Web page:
Washington, Aug 10: NASA is all set to launch its historic small car-size probe to "touch the Sun" from Cape Canaveral Air Force Station in Florida at 3.33 am EDT (1 pm India time) on Saturday. The probe is named after Eugene Parker, a solar physicist who in 1958 first predicted the existence of the solar wind, the stream of charged particles and magnetic fields that flow continuously from the Sun. The launch of the Parker Solar Probe will set it on a journey all the way to the Sun's atmosphere, or corona -- closer to the Sun than any spacecraft in history, NASA said in a statement.
"Launch teams are working on technical issues and weather is predicted to be 70 per cent chance of favourable conditions," NASA said in a tweet late on Thursday. "Eight long years of hard work by countless engineers and scientists is finally paying off," Adam Szabo, the mission scientist for Parker Solar Probe at NASA's Goddard Space Flight Center in Greenbelt, Maryland, said in a statement.
Nestled atop a United Launch Alliance Delta IV Heavy -- one of the world's most powerful rockets -- with a third stage added, Parker Solar Probe will blast off toward the Sun with a whopping 55 times more energy than is required to reach Mars.
Weighing just 635 kgs, it is a relatively light spacecraft, said Andy Driesman, project manager for the mission at the Johns Hopkins University Applied Physics Laboratory in the US.
"And it needs to be, because it takes an immense amount of energy to get to our final orbit around the Sun," Driesman added. Zooming through space in a highly elliptical orbit, Parker Solar Probe will reach speeds up to 692,018 km per hour, setting the record for the fastest spacecraft in history. During its nominal mission lifetime of just under seven years, Parker Solar Probe will complete 24 orbits of the Sun -- reaching within 3.8 million miles of the Sun's surface at closest approach.
"We'll be going where no spacecraft has dared go before -- within the corona of a star," said project scientist Nicky Fox from Johns Hopkins University Applied Physics Laboratory.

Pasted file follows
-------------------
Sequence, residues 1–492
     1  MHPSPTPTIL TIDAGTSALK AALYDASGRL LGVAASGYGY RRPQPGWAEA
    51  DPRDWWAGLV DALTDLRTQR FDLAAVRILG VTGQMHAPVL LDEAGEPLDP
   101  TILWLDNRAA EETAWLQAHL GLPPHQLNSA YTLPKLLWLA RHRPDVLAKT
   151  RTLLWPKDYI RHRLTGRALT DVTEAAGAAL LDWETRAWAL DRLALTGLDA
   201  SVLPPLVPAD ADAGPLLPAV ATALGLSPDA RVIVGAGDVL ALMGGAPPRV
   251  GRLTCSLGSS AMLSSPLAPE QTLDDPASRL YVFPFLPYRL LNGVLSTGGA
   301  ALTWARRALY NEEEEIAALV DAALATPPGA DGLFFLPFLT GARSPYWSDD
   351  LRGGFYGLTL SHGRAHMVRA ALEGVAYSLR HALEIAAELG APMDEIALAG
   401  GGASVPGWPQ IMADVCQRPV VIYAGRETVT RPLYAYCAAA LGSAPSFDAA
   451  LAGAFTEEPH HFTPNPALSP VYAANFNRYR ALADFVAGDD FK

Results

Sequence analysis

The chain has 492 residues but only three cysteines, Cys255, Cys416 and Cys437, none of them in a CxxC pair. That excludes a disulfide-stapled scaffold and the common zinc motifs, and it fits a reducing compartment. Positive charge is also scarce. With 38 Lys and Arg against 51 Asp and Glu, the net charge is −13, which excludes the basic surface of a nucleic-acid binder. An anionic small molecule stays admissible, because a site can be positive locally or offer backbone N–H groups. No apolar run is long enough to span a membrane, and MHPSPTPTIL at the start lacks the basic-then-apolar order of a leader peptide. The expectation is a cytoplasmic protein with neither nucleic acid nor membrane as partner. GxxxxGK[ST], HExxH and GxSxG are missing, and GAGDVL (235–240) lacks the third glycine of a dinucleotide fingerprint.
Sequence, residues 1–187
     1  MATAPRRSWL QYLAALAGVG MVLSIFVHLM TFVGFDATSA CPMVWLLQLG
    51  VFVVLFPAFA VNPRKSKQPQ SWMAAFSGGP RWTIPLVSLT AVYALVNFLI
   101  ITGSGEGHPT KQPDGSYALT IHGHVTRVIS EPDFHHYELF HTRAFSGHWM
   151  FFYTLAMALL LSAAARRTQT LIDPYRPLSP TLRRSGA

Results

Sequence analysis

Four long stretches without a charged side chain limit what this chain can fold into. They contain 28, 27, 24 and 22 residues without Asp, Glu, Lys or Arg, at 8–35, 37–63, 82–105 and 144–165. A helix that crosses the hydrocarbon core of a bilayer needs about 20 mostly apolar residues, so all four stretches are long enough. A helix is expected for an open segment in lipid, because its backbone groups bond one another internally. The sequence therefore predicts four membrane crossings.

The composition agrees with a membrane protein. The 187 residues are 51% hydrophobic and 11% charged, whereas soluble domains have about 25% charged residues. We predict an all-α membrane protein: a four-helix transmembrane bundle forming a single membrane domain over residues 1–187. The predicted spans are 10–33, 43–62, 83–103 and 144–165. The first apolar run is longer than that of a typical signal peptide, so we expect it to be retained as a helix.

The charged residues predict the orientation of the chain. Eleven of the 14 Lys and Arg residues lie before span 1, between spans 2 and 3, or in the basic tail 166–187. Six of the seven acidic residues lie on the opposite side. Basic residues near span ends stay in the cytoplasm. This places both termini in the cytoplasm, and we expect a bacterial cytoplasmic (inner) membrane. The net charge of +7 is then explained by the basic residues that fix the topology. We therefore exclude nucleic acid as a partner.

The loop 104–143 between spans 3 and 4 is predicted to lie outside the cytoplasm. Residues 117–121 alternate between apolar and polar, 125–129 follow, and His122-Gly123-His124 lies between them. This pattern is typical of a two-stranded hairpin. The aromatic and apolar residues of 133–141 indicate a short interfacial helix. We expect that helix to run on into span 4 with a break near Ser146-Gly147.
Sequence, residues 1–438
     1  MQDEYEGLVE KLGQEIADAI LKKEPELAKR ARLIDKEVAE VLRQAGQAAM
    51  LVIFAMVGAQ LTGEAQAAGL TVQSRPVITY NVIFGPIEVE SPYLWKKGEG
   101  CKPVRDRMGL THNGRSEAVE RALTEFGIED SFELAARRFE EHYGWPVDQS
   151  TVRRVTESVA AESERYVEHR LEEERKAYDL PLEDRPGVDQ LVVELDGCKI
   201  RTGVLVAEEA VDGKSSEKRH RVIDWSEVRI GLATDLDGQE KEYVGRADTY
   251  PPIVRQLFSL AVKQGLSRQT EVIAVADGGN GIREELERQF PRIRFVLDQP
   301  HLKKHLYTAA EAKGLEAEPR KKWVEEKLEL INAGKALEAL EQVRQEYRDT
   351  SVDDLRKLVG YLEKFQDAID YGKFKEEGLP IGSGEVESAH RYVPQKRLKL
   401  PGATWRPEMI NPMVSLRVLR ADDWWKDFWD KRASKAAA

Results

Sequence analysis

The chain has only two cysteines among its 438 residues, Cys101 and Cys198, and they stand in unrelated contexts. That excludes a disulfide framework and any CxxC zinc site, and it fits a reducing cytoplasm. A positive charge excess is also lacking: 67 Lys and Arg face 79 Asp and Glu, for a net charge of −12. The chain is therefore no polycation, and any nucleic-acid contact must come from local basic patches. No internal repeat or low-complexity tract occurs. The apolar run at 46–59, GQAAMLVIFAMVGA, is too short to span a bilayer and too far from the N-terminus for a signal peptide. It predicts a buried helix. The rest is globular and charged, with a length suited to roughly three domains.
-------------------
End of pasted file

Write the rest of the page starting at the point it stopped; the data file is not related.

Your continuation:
"With each orbit, we'll be seeing new regions of the Sun's atmosphere and learning things about stellar mechanics that we've wanted to explore for decades," Fox added. But getting so close to the Sun requires slowing down -- for which Parker will use the gravity of our neighbor planet, Venus. "Parker Solar Probe uses Venus to adjust its course and slow down in order to put the spacecraft on the best trajectory," said Driesman.
"We will fly by Venus seven times throughout the mission. Each time we fly by we get closer and closer to the Sun," Driesman added. In an orbit this close to the Sun, the real challenge is to keep the spacecraft from burning up. "Recent advances in materials science gave us the material to fashion a heat shield in front of the spacecraft not only to withstand the extreme heat of the Sun, but to remain cool on the backside," said Szabo.
The heat shield is made of a 4.5-inch thick carbon composite foam material between two carbon fibre face sheets. At Parker Solar Probe's closest approach to the Sun, temperatures on the heat shield will reach nearly 1,371 degrees Celsius, but the spacecraft and its instruments will be kept at a relatively comfortable temperature of about 29.4 degrees Celsius.